Moral Values

It was with keen interest that I read the piece by Carlo Fonseka on ‘Ethics and politics’ in the Sunday Island of March 14, 2010, and the contending viewpoint by R. M. B. Senanayake the following Tuesday.

Human civilization existed long before all known religions of today. We see pockets of such societies at present as well like Veddahs of Sri Lanka, Maoris in New Zealand, Aborigines in Australia, Pygmies in Congo, etc. No civilization can exist without a binding code of conduct by way of morals and ethics. All that goes to prove that religion, as we understand it today, is not a prerequisite for the existence of organized, civilized society.

The founders of religions only codified the already existing morals by way of Ten Commandments, Five Precepts, etc. They did so having the well being of the contemporary society at heart and to suit the natural and geographical environment in which they lived.

Thus, Prophet Mohamed, for instance, living in an isolated, vast, sandy desert with hardly any vegetation or flora, preached the killing of animals for food. How far this is a valid proposition in the modern day global village, where enormous resources are wasted and grave environmental problems, including speedy rise of global temperature, are created as a result of large scale animal farming, is another matter. On the other hand, the Buddha, living in a vast sub-continent with abundant green vegetation that could provide human food with all the necessary nutrients, derided all kinds of killing for whatever purpose.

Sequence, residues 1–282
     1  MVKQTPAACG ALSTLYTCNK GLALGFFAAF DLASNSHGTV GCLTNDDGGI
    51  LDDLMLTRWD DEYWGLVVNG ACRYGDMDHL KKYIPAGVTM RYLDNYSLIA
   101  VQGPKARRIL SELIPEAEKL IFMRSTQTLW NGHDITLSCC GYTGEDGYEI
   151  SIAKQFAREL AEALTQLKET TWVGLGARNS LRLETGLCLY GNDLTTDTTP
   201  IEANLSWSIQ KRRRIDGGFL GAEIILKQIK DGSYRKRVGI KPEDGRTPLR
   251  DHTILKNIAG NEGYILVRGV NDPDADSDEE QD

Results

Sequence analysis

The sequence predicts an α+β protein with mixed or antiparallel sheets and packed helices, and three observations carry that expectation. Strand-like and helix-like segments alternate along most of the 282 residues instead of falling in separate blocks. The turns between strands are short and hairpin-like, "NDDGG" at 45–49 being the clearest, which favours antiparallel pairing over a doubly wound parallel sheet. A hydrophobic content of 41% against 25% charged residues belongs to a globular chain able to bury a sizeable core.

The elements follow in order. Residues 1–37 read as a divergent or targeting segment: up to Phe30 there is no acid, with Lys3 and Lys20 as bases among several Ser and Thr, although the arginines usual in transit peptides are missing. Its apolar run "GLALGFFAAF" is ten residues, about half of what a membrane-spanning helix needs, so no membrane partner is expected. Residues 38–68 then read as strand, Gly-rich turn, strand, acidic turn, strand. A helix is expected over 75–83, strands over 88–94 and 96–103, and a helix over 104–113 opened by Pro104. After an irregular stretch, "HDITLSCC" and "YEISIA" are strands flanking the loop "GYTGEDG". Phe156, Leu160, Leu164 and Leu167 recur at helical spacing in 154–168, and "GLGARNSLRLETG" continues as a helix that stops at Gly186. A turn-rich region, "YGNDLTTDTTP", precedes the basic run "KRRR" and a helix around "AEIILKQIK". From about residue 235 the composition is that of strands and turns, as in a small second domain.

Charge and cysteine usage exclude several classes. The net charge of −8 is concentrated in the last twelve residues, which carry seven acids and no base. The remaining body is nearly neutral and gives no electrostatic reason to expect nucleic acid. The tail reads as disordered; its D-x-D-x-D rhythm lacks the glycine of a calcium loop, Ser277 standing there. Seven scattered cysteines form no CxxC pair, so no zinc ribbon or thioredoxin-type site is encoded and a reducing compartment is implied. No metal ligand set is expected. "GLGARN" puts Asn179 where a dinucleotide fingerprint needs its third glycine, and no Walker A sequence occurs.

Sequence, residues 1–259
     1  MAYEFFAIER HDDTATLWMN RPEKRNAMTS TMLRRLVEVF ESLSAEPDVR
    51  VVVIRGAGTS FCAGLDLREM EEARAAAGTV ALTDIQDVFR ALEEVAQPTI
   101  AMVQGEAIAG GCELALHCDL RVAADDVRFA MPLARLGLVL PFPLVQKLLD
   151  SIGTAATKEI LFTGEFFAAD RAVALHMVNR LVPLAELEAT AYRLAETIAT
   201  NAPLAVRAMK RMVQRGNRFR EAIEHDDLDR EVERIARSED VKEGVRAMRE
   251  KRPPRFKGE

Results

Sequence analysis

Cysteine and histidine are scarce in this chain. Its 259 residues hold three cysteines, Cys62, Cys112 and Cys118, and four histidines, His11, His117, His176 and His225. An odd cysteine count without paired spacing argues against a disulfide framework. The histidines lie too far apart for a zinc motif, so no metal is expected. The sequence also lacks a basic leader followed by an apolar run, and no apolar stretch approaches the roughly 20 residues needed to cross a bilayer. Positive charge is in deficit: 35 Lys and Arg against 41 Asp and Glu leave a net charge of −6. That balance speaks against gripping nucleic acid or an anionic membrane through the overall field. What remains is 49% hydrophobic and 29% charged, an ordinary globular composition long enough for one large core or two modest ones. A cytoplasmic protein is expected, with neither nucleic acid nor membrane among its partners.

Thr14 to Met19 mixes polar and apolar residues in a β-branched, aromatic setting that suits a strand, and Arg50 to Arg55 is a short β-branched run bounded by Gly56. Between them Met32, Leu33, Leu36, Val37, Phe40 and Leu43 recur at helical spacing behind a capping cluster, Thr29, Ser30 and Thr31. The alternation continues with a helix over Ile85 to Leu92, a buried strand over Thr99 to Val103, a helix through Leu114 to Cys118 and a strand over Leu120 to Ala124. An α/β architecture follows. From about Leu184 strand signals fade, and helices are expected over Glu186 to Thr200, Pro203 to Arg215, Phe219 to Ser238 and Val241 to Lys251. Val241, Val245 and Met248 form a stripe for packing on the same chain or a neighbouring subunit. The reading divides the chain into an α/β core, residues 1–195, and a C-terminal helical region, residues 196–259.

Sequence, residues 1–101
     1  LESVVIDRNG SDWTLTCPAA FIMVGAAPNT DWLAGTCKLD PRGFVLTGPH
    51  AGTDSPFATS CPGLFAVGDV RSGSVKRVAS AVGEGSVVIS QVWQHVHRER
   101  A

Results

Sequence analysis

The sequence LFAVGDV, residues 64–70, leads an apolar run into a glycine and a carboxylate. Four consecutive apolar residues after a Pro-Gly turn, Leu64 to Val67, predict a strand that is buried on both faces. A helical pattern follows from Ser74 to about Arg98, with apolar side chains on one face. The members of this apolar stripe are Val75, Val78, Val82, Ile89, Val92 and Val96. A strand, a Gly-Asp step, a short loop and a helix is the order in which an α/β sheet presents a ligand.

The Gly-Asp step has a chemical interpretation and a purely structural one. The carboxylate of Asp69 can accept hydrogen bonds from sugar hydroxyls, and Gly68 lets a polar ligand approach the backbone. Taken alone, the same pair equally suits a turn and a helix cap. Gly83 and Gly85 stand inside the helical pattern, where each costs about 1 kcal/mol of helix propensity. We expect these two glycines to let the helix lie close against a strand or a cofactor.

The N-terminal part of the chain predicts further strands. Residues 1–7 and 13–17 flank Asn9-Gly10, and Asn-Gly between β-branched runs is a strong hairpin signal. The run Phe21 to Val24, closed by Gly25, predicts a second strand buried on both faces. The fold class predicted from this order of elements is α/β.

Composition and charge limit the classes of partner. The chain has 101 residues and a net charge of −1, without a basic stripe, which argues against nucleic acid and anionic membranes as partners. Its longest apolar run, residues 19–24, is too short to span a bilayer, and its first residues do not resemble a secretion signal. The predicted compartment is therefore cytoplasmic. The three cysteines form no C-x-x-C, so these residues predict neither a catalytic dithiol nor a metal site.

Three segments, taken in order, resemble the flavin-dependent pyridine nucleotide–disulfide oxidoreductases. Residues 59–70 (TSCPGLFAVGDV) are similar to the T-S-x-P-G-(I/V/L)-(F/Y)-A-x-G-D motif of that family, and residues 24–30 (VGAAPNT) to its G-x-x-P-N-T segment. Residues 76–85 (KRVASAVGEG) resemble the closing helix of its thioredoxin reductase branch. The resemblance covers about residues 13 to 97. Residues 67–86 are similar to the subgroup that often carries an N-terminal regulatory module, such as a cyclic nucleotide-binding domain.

Human moral values are innate and inherent in their very nature. That is to say, such values are biological, instinctual and embedded in their very genetic scheme. Some of those instincts are common with those in the animal kingdom. Team sense, group instinct, maternal affection, brotherly care are some such examples.

There is also a code of law among all animals, living in collective groups. It naturally entails an enforcing mechanism as well, even in non-human societies in order to punish the miscreants. Needless to say, man’s code of law is much more complicated than those in the animal kingdom.

Thus, my moral values are totally independent of any religion, contrary to the position of Mr Senanayake. Basically, I am guided by my own conscience, which is instinctual. Maybe, fear of punishment plays a role, too. And I hold that what is true of me should be true of other men and women as well.

Dharmapala Senaratne
Gothatuwa New Town.